Luxembourg’s prime minister says a Greek exit from the euro would be manageable but not desirable.
But speaking on German TV, Jean-Claude Junker, who also chairs the eurozone finance mininsters’ meetings, admitted there would be enormous risks for Greece:
“From today’s point of view, a Greek exit would be controllable, but, nonetheless, it is not a desired action. It would be aligned with serious risks, particularly, for the ordinary people in Greece. One could say, it doesn’t matter what happens to ordinary Greeks – the small people -and many of them exist in Greece. But for me it matters – I care about them.”
The Luxembourg premier warned that if Europe loses the euro then it loses political influence and economic power. Ultimately, he said, the whole continent would be weaker.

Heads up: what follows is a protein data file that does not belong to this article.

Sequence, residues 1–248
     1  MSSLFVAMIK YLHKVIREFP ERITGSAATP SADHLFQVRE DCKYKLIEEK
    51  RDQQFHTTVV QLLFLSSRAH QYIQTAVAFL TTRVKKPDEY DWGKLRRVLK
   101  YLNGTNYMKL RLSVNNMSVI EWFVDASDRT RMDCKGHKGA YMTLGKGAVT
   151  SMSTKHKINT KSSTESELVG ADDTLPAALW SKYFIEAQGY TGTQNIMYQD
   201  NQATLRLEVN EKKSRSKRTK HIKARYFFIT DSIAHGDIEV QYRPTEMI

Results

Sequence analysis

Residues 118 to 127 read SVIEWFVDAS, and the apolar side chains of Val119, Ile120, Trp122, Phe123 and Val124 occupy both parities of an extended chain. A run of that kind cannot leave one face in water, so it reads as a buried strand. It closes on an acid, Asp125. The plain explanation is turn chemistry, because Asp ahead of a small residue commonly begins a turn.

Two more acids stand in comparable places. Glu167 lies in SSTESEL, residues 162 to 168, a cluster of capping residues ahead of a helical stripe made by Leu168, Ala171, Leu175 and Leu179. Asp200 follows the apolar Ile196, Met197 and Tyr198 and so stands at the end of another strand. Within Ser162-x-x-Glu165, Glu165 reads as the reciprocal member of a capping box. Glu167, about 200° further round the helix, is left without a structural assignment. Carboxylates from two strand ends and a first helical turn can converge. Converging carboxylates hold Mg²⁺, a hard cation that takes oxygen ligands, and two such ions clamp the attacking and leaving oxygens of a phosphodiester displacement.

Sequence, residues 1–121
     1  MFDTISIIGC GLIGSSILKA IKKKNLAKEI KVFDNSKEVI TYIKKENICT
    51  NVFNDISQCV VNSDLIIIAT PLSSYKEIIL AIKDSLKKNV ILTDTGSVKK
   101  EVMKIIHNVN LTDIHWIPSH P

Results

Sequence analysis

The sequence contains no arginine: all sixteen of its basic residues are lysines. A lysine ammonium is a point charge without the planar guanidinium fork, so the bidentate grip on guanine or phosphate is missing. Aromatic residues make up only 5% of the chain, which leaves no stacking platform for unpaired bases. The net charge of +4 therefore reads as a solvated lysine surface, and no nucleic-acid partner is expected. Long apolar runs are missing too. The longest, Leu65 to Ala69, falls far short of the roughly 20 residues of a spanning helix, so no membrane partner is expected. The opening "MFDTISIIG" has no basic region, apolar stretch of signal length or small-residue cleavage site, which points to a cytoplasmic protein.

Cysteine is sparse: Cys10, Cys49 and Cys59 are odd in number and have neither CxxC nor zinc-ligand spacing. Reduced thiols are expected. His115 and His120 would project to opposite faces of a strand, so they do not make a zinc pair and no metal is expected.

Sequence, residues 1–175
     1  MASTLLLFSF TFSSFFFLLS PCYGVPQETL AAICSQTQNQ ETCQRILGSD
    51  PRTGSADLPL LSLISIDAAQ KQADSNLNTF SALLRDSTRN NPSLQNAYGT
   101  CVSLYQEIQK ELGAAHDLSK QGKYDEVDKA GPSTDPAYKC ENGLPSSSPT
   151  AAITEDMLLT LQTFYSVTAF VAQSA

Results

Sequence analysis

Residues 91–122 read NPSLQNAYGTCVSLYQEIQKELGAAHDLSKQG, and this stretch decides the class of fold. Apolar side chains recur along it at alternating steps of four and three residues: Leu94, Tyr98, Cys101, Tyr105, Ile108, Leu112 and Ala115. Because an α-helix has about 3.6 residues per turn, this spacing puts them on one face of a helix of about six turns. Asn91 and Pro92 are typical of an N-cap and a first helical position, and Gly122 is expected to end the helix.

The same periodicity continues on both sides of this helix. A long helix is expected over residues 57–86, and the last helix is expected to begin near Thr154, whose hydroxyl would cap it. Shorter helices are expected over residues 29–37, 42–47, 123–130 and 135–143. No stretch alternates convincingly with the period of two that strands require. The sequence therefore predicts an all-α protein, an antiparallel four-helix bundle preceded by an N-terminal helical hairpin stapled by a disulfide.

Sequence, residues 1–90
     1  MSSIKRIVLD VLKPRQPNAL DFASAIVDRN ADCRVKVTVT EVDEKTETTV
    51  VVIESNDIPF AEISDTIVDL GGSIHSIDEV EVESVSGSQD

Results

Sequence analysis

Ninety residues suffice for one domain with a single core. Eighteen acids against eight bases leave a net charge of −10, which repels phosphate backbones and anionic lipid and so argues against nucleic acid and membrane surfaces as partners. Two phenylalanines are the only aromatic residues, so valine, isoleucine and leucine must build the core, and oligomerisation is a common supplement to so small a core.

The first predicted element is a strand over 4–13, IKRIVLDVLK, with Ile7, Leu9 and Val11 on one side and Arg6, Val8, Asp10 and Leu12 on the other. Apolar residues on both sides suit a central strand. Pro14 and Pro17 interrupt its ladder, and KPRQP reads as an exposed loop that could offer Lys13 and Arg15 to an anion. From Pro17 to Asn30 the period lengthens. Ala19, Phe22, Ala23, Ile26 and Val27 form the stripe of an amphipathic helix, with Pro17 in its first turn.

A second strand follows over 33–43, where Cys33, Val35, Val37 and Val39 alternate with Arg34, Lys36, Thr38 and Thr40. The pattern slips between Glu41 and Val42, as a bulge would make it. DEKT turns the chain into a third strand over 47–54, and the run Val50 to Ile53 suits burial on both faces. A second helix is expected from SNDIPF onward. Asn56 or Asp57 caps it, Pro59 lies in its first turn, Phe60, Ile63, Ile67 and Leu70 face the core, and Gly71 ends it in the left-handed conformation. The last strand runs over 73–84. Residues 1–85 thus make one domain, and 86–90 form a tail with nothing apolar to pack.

In Germany the opposition SDP is calling for a referendum on fiscal union and the issuing of eurobonds, which some analysts think is the only way of preventing a break-up of the eurozone.
“If European governments don’t succeed in having a common financial and fiscal policy in Europe, we won’t be able to save the euro in the end,” says party leader Sigmar Gabriel.
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